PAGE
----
LocoScript 2 was a significant redesign and rewrite of LocoScript. Among the changes / improvements from LocoScript 1 are:

  • Menu structure redesigned.
  • Larger range of characters (up to 512 rather than 256)
  • Faster. In particular, does not slowly scroll to the end of a document when saving, a particular complaint regarding LocoScript 1.
  • Ability to move to a page by number.
  • Ability to format and copy discs within LocoScript.
  • Ability to use wildcards in find / exchange.
  • Supports output to printers other than the PCW's dot-matrix printer. Drivers are supplied for Epson FX-compatible dot-matrix printers and D630-compatible daisywheels. However, only those characters provided natively by a printer may be printed; there is no provision to use graphics printing to draw LocoScript's full range of character shapes. The exception is the PCW's own dot-matrix printer, which can only uses graphics printing and so can render the full gamut of characters.
2.01-2.06May-September 1987J20xLOCO.EMS

As with LocoScript 1, the initial release was followed by a flurry of bugfix releases. Version 2.01 reinstated the ability to output a screen dump by pressing [EXTRA]+[PTR], and version 2.02 corrected a problem with LocoScript codes within copy / paste blocks. I don't know the details of changes made in later 2.0x versions.

2.10,2.11August-September 1987J210LOCO.EMS, J211LOCO.EMS

Bundled with the PCW9512 (at this time, versions 2.0x were for the PCW8000 series and 2.1x for the PCW9512). The most common version seems to be 2.11.

The major change would be support for the PCW9512 hardware, in particular its daisywheel printer.

2.12September 1987J212LOCO.EMS

The first version available for both 8000- and 9000-series PCWs.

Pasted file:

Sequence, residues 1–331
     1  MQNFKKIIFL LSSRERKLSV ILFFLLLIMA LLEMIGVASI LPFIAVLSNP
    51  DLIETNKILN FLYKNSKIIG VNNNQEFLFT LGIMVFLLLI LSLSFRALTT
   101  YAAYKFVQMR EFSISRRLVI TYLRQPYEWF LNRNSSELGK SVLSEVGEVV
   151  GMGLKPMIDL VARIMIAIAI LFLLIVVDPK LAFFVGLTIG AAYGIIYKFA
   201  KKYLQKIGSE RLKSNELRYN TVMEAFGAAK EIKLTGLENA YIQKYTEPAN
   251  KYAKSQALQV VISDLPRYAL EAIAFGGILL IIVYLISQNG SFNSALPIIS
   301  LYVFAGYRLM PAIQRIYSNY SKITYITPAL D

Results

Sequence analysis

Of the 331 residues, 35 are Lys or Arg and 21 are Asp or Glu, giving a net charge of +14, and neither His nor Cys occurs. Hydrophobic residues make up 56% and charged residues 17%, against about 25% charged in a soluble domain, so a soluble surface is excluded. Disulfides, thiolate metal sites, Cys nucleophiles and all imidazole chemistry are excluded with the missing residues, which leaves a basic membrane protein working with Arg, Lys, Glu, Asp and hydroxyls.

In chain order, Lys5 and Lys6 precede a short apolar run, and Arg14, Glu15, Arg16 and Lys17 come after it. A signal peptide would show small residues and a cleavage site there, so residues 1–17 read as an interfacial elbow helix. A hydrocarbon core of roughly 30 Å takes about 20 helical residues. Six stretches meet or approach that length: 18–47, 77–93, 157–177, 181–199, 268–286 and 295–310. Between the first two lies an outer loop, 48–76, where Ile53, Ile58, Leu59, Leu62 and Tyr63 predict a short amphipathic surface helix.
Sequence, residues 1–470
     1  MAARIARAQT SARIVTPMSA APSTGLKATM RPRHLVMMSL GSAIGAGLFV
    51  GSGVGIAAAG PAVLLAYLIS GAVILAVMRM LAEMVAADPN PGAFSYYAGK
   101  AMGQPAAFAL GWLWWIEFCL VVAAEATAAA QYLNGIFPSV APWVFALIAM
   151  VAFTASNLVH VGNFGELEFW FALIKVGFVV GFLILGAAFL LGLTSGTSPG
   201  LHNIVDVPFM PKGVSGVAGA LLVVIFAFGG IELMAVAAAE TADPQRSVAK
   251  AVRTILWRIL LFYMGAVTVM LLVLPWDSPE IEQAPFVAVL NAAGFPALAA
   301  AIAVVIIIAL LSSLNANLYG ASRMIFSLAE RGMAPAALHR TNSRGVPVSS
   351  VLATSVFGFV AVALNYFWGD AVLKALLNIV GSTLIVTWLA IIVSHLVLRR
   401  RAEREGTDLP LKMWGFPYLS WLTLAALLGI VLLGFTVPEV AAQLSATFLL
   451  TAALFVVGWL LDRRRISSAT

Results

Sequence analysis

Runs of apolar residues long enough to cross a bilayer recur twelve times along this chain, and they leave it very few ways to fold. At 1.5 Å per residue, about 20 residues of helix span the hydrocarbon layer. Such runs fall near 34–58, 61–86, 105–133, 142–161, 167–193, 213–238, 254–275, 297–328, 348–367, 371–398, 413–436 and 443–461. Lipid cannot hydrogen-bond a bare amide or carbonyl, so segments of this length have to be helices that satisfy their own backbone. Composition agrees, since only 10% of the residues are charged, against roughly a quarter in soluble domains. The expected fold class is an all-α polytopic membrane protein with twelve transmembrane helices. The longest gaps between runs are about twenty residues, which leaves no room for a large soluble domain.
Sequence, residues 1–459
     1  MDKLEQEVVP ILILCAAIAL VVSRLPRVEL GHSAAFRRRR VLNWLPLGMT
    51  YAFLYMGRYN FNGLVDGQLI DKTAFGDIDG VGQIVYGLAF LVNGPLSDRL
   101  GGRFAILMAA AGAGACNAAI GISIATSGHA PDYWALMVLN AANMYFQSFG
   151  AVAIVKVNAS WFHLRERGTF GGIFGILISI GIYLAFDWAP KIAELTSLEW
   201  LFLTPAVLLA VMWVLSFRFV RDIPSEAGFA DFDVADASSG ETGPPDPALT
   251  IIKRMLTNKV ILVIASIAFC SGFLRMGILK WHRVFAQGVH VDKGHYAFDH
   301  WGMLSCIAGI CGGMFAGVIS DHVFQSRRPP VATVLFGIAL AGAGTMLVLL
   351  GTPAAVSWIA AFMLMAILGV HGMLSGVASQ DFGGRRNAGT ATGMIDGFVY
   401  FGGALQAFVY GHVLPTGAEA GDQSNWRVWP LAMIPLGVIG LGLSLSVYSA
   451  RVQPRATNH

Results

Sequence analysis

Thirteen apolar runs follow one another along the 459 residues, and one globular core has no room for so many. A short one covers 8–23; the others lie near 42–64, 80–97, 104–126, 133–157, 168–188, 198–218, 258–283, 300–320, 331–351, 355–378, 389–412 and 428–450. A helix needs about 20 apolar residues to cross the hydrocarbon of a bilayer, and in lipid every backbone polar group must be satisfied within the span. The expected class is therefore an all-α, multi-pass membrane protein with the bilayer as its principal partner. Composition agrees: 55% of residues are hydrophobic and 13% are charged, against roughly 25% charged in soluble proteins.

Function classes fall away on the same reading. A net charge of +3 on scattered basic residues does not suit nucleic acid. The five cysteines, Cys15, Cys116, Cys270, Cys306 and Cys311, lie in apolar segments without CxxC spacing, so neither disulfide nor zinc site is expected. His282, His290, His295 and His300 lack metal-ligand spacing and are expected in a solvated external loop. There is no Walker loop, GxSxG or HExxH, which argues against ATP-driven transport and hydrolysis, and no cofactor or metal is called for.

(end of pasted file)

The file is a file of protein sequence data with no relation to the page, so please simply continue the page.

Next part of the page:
Keyboard layouts (previously part of the system file) are now separate files, allowing foreign-language keyboards to be used on UK PCWs or vice versa.

Characters for the PCW8000 matrix printer can be defined using LocoChar, a utility written in BASIC. Fonts for other printers can be compiled from text files with CHARKIT. One or other of these changes caused a bump to the format of the *.#xx font files, which are now v2.1 rather than v1.1.

Support added for a greater range of printers.

A version supporting hard drives was announced; this appears to have been a separate product line rather than loadable driver support in the main release.

2.16July 1988J216LOCO.EMS

Apparently not all intermediate versions between 2.12 and 2.16 were released; some had breaking bugs found after the discs had already been mastered.

At some point between 2.12 and 2.16, a utility called LocoKey was created, allowing custom keyboard layouts to be designed.

A new Sans Serif font was designed for the PCW dot matrix printer. (However a LocoScript 2 document cannot use multiple fonts; each document would therefore use the Standard or Sans Serif font, but not both).

Support for more printers was steadily being added, including 24-pin models.

2.20January 1989J220LOCO.EMS

A change in the way fonts are held for the PCW8000 dot-matrix printer. In versions prior to 2.20, MATRIX.PRI held the 'main' font, while other fonts were stored in *.#xx files. Now all fonts are stored in *.#xx files, leaving no distinction between 'main' and 'other' fonts. This causes another change in the format of font files, and hence an updated version of LocoChar to edit them.

24-pin printers can now print the full range of characters supported by LocoScript, by using the ability to download character bitmaps. A matching 24-pin LocoChar allows custom character shapes to be designed.

The version numbering system changes so that even-numbered versions (2.20, 2.22 etc) are for dot-matrix PCWs, while the corresponding odd-numbered versions (2.21, 2.23 etc) are for daisywheel PCWs.

LocoFile database introduced.

Support for multiple start-of-day discs (place an ET.AL file on the first disc to prompt for a second).